No preview · Article · May 2004 · Histopathology
  • Petra Zeitler · Jan Pahnke · Hartmut Collmann
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    ABSTRACT: In cranial sutural samples derived from five children with premature cranial suture fusion we have performed immunostaining for the urokinase plasminogen activator (uPA) and urokinase receptor (uPAR). We have found a strong reactivity for cell- or matrix-bound uPA and uPAR in the sutural connective tissue and associated with the osteoblasts and osteocytes lining the calvarial bone. The sutural tissue itself showed a banding with different intensity of urokinase and uPAR staining concerning connective tissue. It is proposed that the components of the plasminogen activating system are involved in tissue turnover of sutural tissue and in sutural growth.
    No preview · Article · Mar 2002 · Orthodontics and Craniofacial Research
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    ABSTRACT: Severe type I plasminogen deficiency has been recently linked to ligneous conjunctivitis, a rare and uncommon form of chronic conjunctivitis. In this study, eight unrelated ligneous conjunctivitis patients living in different parts of the world were examined. All affected subjects from which plasma was available displayed absent or markedly reduced plasminogen antigen and plasminogen functional activity. Molecular genetic studies of seven patients identified a Lys19-->Glu mutation in two boys in a homozygous state, and in two girls in a compound-heterozygous state in which the second plasminogen gene carried a missense (Arg134-->Lys) and a nonsense mutation (Cys133--> Stop), respectively. A fifth patient was shown to be homozygous for a frameshift mutation in plasminogen exon 14 (Gly565ins-G). In two unrelated subjects with ligneous conjunctivitis no mutations in the plasminogen gene were identified. Our results suggest that the Lys19-->Glu mutation is the most prevalent mutation in the plasminogen gene of patients with ligneous conjunctivitis.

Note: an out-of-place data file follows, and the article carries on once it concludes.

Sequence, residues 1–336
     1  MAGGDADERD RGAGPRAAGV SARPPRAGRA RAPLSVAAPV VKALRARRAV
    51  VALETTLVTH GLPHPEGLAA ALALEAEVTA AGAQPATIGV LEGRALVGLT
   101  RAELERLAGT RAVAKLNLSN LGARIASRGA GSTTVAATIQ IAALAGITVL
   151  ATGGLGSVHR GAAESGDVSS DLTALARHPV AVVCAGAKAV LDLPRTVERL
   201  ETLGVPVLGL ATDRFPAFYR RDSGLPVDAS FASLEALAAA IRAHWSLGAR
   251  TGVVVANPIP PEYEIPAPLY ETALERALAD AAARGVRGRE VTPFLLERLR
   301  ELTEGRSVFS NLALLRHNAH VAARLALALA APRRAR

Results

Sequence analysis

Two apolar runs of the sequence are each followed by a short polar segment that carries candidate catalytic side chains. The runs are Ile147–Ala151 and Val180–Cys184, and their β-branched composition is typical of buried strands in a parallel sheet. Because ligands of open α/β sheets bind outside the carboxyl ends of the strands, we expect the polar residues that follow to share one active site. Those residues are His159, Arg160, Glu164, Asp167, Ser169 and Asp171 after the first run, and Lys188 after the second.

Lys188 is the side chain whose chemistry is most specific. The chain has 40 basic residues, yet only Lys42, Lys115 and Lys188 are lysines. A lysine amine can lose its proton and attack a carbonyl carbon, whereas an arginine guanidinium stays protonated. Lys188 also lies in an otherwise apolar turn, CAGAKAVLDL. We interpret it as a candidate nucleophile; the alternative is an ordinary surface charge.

No preview · Article · Jun 2001 · Thrombosis and Haemostasis
  • P Zeitler · A Thiede · H L Müller
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    ABSTRACT: In a prospective study, clotting parameters of 37 children and adolescents with insulin-dependent diabetes mellitus (type 1 diabetes) were compared with those of a healthy control group. In a longitudinal follow-up over two years we found no statistical difference for most of the coagulation parameters investigated, including single factor analysis and coagulation inhibitors. The duration of type 1 diabetes was of no influence on these parameters. The only difference we found between patients and healthy controls was an elevation of PAI-1 in diabetics: median for PAI-1: 2.12 IU/ml in diabetics (range 0.50-8.40 IU/ml) and 0.84 IU/ml in normal controls (range 0.50-1.78 IU/ml). This difference was of statistic significance (p < 0.002) and also found in newly diagnosed patients. During observation time, none of our patients developed thrombosis or signs of vascular disease. In conclusion, we could not confirm the development of a hyper-coagulable state in pediatric diabetics, as it is described for adults with type 1 diabetes mellitus.